Thursday, December 20, 2012

The 10 Elements of Positive Performance Management

Guest post from John Mattone:

The fundamental belief underlying Positive Performance Management (PPM) is this: Leaders and their employees must strive to make performance reviews complete, honest, and timely.

 As a leader, it is critical that you engage in crucial conversations to let employees know where they stand at all times. In the course of executing PPM, you should hold yourself to the highest standards of character, always being fair and honest and never injuring a person’s sense of dignity and self-worth. Ultimately, by holding yourself to the highest standards of character, you enable your employees the free will to make whatever decision that’s in their best interest, whether such a decision involves recommitting to you and the organization or even deciding to move on in their careers. 

 Clearly, by executing PPM with character, you also enable your organization to exercise its free will to make the best human resource decisions possible, whether they are decisions involving promotion, transfer, discipline, and even termination. It is only as a result of leaders’ executing PPM with unwavering character and purpose that an organization—your organization—can lay the groundwork for achieving breakthrough-operating performance.

What If the Truth Is Not Told?
I have coached countless leaders who, unfortunately and unknowingly—even knowingly—fall into a very dangerous trap of underrepresenting their employees’ performance (i.e., they tell them that they are performing worse than they are in reality).  This tendency creates:

- Dissatisfaction: “They don’t understand me no matter what I say or do.” 

- Reduced Motivation: “Why try? My boss doesn’t appreciate what I do.” 

- Reduced Commitment and Alignment: “Neither my boss nor anyone in this company cares about me or the talents I bring. Why should I care about my boss or this company?” 

- Voluntary or Involuntary Termination: “Enough is enough. I am going to bring my talent elsewhere.”

Of course, I have also worked with many leaders who make the opposite mistake of over-representing their employees’ performance (i.e., they tell them they are performing better than they are in reality). This creates:

- Coasting: “My boss told me I am doing great, so I’ll just cruise along with my usual half-effort.”

- Perceived Unfairness: My boss is playing favorites, so why should I commit?”

- Problems Disciplining/Terminating the Employee Later: “What? Poor work? You told me last year right in this office that I was doing great work.”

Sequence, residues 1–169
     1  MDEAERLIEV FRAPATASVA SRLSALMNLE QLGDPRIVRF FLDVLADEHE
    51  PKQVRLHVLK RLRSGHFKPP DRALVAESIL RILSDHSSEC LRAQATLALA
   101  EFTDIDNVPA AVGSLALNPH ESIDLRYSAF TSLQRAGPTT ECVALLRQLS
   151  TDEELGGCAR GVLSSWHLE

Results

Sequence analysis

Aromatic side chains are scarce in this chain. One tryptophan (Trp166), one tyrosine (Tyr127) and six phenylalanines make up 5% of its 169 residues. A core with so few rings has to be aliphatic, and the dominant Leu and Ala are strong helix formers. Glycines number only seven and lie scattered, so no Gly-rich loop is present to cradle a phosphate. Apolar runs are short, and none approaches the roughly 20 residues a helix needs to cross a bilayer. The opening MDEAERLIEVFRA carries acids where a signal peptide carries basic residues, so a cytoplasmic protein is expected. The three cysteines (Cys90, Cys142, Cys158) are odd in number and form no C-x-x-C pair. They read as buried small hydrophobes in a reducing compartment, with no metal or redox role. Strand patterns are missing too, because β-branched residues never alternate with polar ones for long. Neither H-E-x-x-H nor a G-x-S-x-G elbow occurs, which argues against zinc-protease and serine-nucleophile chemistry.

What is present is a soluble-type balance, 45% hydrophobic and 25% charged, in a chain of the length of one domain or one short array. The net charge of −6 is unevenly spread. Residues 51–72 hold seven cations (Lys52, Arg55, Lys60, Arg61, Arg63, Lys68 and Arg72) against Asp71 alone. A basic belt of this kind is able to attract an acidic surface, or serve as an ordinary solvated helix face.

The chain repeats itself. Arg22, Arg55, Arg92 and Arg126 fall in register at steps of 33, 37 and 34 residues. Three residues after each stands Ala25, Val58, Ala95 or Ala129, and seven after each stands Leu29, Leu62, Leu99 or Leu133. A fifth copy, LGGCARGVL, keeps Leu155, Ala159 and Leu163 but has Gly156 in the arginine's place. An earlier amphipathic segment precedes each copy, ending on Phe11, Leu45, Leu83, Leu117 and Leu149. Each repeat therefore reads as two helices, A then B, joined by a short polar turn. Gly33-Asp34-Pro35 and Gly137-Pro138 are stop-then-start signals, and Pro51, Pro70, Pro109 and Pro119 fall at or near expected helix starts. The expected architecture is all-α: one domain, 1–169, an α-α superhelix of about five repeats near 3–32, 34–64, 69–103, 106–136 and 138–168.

Clearly, beyond the need to hold yourself to a higher character standard as a leader, there are significant ethical and legal reasons for ensuring that you are executing PPM in a fair, honest, and objective fashion.

The Ten Elements of Positive Performance Management
There are ten key elements of Positive Performance Management. The greater the degree to which you incorporate these principles, the greater the probability will be of having complete, honest, and timely performance reviews.  

1. Employee involvement: Objectives should be set with employee in put. 

2. Valid performance criteria: Employees should only be rated on the criteria/factors that determine success in their job. 

3. Year-Round Process: Employees need feedback on a regular basis to optimize their performance. 

4. Proper Preparation: Both you and your employees need to dedicate time preparing for appraisals. 

5. Avoid Stereotypical Thinking: You must ensure that your ratings are free of biases. 

6. Input from Others: Obtaining input from others (i.e., teammates, coworkers,
subordinates, etc.) can result in more accurate and complete performance

7. Consistency: You must send a clear and consistent message. Your words
should not conflict with your body language.  

8. Rating Integrity: The final rating should be based on what was accomplished
and how it was accomplished. 

9. Dialogue: Regular communication between you and your employees is critical throughout the year. 

10. Employee Ownership: Because your employee’s name is on the review and
his or her compensation and promotional opportunities are determined by
the review ratings, employees should be entitled to a much larger role in shaping their own review.

Emphasis should be placed on employees reporting their progress to date. You and your employees need to focus on indicators of whether goals will be exceeded or not met. If employees are on pace to exceed their goals, discuss with them how to maintain their current performance level. It is important for you to spend time on performance exceeding specified goal standards. Many times, leaders spend too much time on performance that is below a goal. If an employee is on pace to perform below a goal standard, work with your employees to determine the causes of poor performance, examine solutions, and agree on appropriate actions.  

John Mattone is widely regarded as the world's leading authority on the Future Trends of Leadership Development & Talent Management. In 2011, he was named by the prestigious Thinkers50 as one of the fastest rising stars in the field of leadership development.

1 comment:

HotExpressoCards said...

I agree with your points, but what do you tell employees whose employers do not use this type of review for the performance appraisal?